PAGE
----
He cites the example of Pascal Dozie. Mr. Dozie founded Diamond Bank in 1991, served as its Chairperson and CEO till 2005 (the year he took it public) and then retired; first as CEO in December 2005, and then as Chairperson a year later.

Mr. Kehinde also suggests that instead of a will, which is “something that is already associated with death”, business leaders should seriously consider trusteeships, which “can be executed while they are alive or [after] they have passed on.” He says that trusteeship schemes are “more valid in law” than wills.

According to Ms. Nwuneli, one of LEAP Africa’s “core missions” is spreading the gospel of succession-planning. Most of the work will have to be of reorientation, to counter a culture of “fear and distrust” as well as the “often [wrong]” assumption by Nigerian businessmen “that their children will succeed them.”

And she says that LEAP is making progress, even as it remains open to more partnership opportunities.

“Through our training programmes offered in six cities across Nigeria in collaboration with Nigeria’s leading banks and SME development organizations, we are training entrepreneurs to plan for their succession, institute Boards, motivate and coach their staff and build organizations that will outlive them,” she said.

Back
Dear reader.
While we value your feedback we have to moderate them, so your comments would appear in a maximum of one hour. Please feel free to return and read through again after another user may have replied to what you have said.
Please note that 234NEXT.com bears no responsibility for what readers post, and is not liable for any form of impersonation.

Reader Comments (4)


Posted by opeonifade on Nov 01 2009

succession planning should not just be an afterthought or a add-on to the corporate strategy. Business continuity management system should influence all aspects of the company's strategy, programmes, projects and operations. I must add that success planning transcends handing over to your biological children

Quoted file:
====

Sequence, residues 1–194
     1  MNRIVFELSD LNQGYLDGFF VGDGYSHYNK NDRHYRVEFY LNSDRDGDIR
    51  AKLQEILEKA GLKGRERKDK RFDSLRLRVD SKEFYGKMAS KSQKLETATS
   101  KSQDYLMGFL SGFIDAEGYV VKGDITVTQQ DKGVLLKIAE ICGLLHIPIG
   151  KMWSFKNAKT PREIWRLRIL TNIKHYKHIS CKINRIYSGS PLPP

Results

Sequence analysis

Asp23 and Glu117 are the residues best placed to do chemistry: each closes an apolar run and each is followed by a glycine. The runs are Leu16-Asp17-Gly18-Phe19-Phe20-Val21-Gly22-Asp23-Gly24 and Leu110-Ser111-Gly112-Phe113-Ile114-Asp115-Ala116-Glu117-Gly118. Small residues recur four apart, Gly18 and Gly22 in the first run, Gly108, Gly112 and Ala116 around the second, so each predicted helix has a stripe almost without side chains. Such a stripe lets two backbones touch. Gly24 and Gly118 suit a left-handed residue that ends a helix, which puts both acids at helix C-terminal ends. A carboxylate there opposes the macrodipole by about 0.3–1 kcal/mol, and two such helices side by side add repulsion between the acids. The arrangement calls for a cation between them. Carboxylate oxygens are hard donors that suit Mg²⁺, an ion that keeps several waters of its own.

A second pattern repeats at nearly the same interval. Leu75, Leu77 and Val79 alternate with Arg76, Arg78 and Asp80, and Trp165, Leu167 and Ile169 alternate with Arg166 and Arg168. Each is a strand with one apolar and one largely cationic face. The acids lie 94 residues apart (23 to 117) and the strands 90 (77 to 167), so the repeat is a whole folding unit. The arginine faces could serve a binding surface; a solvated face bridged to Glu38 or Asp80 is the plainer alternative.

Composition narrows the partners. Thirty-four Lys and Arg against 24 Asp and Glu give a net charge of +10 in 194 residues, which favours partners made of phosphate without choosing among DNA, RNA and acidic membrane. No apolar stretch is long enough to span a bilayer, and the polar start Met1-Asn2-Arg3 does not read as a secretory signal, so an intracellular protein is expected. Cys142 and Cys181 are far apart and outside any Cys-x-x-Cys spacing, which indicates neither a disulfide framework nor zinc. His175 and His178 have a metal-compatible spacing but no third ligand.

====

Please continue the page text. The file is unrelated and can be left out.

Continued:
Posted by TheDonald on Nov 01 2009

Succession planning for a company started by an individual will only be effective in Nigeria (or Africa) if they try to keep the operation of the business out of the family. Most of the dead businesses you cited in your write-up are dead today because the owners were succeed by their children who are either (1) not interested in the business, (2)know nothing about the business or (3) are incompetent to run the business. As a result of these factors (and many more), they result in living a lavish lifestyle and pay not attention to the bottom line....until the business cease to exist. Case study - MKO Abiola's Conglomerate.

Posted by Anjibobo on Nov 01 2009

I like the fact that you guys dug into the archives. That 1965 TIME article is indeed revealing. Our traditional mode of business(i.e build it by yourself) has to fuse with the realities and global best practices of the 21st century business model and this will definitely take time.

Posted by O.K. Isiaka on Nov 02 2009

Two words if we are to make meaningful change to reach the perpetual nature of business life. Love & Trust. We have not love one another to the point of leaving the business in the hands of trustworthy persons other than the founders' children. Once a business is successful, it should go public. Shareholders appoint the expertise of men & women who worked the business to its successful stage while the founder is still alive. You gave a fine example, African Alliance Insurance.



post a comment

Your name: *



* = Required information


advertisers: